Saturday, June 18, 2011

Where Do I Begin?

When faced with a writing project, I always have a tough time actually getting started. I realize that this is a very common problem among people who write. I also know that once I finally get started I end up having more to say than I thought I would. Starting this blog has been difficult. I have thought and thought about this first post. I have finally decided to just start and give a little background about where I am now in my development as a teacher rather than write a typical bio piece that I might share with parents of my students.

I currently teach at Renaissance Elementary School. Renaissance is a magnet school. This means that it is a public school with a specific focus. Our focus is ELOB - Expeditionary Learning Outward Bound education. I found Renaissance several years ago when my husband and I were searching for a school for our daughter that matched our philosophy of education. After looking so closely at so many schools we knew this was the place for our daughter and I wanted to work there, too. One year after our daughter started there I got a job there as a first grade teacher.

You begin to get a feel for the philosophy of our school as you walk up the front sidewalk and into the entrance. The vision of our school is visible for all to see. Click on any photo to see a larger version of it.








As you move into the classrooms you notice our belief in the workshop model, building strong relationships through developing a community of learners and actively engaging students in creating meaning and deeper understandings.







We encourage students to move out of their comfort zone, challenge themselves, take risks and reflect on what they are learning about themselves as learners.







In all of my years of teaching (this will be my 18th year), I have never felt like my personal philosophy matched the philosophy of the school I taught at so well. Of course, there is still so much to learn and so many new things to try. That is why I have decided to start this blog. I want to have a place to reflect on my practice, to clarify my thinking and make changes that will really help my students to grow and develop.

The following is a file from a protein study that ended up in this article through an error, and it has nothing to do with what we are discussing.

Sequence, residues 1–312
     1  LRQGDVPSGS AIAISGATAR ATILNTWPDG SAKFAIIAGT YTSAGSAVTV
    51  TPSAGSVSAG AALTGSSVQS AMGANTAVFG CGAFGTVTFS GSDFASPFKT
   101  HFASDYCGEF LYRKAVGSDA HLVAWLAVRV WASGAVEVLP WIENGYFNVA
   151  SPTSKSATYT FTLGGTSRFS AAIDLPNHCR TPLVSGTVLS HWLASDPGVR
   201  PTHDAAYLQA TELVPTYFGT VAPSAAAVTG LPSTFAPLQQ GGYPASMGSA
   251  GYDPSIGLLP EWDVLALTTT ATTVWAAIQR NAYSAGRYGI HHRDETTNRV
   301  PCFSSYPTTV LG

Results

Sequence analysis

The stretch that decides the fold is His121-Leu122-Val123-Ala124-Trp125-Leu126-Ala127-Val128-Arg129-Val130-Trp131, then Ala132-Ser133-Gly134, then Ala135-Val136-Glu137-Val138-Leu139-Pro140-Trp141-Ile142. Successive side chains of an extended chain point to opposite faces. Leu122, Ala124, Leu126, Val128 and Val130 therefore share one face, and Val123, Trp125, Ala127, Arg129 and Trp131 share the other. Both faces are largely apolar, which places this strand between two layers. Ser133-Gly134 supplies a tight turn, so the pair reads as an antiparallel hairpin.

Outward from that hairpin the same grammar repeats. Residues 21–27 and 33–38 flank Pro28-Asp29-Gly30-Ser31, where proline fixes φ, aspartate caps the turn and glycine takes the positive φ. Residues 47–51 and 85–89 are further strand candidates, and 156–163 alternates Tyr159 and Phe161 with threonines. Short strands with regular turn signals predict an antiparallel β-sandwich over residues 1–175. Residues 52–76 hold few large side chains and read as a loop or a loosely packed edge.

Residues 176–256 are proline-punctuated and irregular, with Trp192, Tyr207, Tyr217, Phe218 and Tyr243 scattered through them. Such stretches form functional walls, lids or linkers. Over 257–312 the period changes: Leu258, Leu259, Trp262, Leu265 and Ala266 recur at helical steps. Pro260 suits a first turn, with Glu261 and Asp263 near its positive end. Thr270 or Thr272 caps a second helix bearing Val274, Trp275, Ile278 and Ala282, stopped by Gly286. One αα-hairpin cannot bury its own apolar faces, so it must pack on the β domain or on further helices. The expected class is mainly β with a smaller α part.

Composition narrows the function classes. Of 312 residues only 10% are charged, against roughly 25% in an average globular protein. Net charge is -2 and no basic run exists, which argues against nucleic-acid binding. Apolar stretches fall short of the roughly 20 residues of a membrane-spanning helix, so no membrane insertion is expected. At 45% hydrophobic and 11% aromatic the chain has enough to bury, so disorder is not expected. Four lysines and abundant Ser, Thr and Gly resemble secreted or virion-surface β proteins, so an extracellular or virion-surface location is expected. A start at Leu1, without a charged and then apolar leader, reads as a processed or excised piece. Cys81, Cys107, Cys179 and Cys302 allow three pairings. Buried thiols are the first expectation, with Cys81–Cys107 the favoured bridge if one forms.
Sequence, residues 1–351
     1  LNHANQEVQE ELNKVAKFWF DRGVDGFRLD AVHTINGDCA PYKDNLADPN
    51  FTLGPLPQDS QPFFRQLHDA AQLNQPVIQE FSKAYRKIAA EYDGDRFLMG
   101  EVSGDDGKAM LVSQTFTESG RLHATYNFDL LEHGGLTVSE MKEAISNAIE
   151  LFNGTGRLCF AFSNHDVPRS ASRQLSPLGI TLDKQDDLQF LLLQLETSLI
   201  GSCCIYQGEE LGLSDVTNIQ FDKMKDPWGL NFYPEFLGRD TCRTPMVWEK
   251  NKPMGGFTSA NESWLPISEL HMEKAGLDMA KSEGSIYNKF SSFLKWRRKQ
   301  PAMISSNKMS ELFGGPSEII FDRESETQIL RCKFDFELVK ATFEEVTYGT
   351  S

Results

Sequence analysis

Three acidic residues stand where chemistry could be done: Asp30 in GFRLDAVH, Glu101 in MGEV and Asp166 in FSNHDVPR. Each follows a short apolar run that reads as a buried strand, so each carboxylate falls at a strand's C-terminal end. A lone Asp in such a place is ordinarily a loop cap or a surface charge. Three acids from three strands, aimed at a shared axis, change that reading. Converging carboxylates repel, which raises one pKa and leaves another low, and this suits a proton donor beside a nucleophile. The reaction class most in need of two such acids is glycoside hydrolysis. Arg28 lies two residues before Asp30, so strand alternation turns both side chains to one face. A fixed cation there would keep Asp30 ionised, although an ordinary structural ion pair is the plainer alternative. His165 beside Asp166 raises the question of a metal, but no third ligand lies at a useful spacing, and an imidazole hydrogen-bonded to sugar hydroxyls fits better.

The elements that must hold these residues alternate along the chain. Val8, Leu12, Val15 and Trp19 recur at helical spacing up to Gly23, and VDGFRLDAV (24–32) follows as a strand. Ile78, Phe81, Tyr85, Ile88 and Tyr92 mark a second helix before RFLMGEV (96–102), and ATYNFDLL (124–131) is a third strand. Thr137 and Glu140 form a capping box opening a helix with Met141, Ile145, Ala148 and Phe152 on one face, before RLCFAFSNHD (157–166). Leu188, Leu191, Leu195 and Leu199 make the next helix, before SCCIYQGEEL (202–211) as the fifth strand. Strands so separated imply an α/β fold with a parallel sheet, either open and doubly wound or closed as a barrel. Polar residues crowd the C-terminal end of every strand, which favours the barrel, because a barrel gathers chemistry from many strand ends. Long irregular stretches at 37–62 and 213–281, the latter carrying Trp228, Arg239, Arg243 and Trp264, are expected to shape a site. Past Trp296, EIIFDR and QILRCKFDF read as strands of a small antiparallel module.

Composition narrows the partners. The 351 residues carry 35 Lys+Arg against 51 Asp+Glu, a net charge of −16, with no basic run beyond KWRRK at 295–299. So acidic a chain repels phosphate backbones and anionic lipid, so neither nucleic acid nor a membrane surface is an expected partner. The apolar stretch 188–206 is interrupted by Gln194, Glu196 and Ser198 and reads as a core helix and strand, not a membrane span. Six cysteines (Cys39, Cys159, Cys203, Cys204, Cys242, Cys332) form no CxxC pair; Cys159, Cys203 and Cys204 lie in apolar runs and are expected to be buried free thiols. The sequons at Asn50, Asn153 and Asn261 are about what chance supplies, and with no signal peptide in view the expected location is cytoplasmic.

31 comments:

  1. Wow, looks like a great place to learn. For both kids and adults.

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  2. I don't think I realized that you taught at an Expeditionary Learning School. Love the photos and the connection to your philosophy. They all tell so much about your school. I can't wait to read more!

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  3. It's great that you have a space to reflect on those connections and even those disconnections.
    Kevin

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  4. It's great to have you blogging, Jill. I'm looking forward to reading and learning with you!
    I'm fascinated by schools with a focus, and your pics helped me to understand so much better where you and your class are coming from. Keep the good stuff coming.

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  5. Dear Jill,
    I am so glad that you've taken that first step....because you work in a totally cool place and I think it would be wonderful to learn all about it.
    I loved when you said that one of the foci of your school is to build in risk-taking and fostering that spirit within your students. What a fantastic thing to nuture and something they'll need over and over and over again throughout their lives.
    I was wondering about this idea of a workshop model...building community. How is that different from the classroom build around class meetings and shared resonsibilities between the teacher and students? Is there another layer or is a remixing of what we know is best practices?
    Thanks again and looking forward to your future posts (and I was super impressed with all the hyperlinked extras in this first one!!!)

    marsha

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  6. Hi, Jill
    This is a lovely post and good for you for beginning!I saw it on Twitter through @frankisibberson's retweet. I hope you don't mind, but because I've recently posted on my blog about this very subject of beginning, I thought you might like to take a look to see how are posts complement each other's: http://emmaddryden.blogspot.com/2011/06/hard-parts.html
    It sounds like you work in a terrific school - and the students are lucky to have you.
    All the best ,
    Emma D Dryden
    www.drydenbks.com

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  7. Absolutely love the quote: We are crew not passengers. Great photos. Thanks for sharing. Nice beginning for your blog. It's always nice to hear when someone is really happy with where they work. I love my school too!

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  8. Jill,
    Reading this post wove together a bunch of ideas, vague images, and thoughts I had about your school from your tweets and class blog. I really appreciate that.
    I'm thrilled to see you here. I know it will be a wonderful journey and we get to join along.
    Jenny

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  9. Stellar as usual! Pictures really tell the story....REMS is lucky to have u
    N

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  10. I can understand why you wanted your daughter in this school and why you wanted to teach there. It's amazing what can be learned about a school's culture from simply walking in the front door.

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  11. Ann,

    It is a great place to learn.

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  12. Franki, Kathy (primarypreoccupation) and Jenny,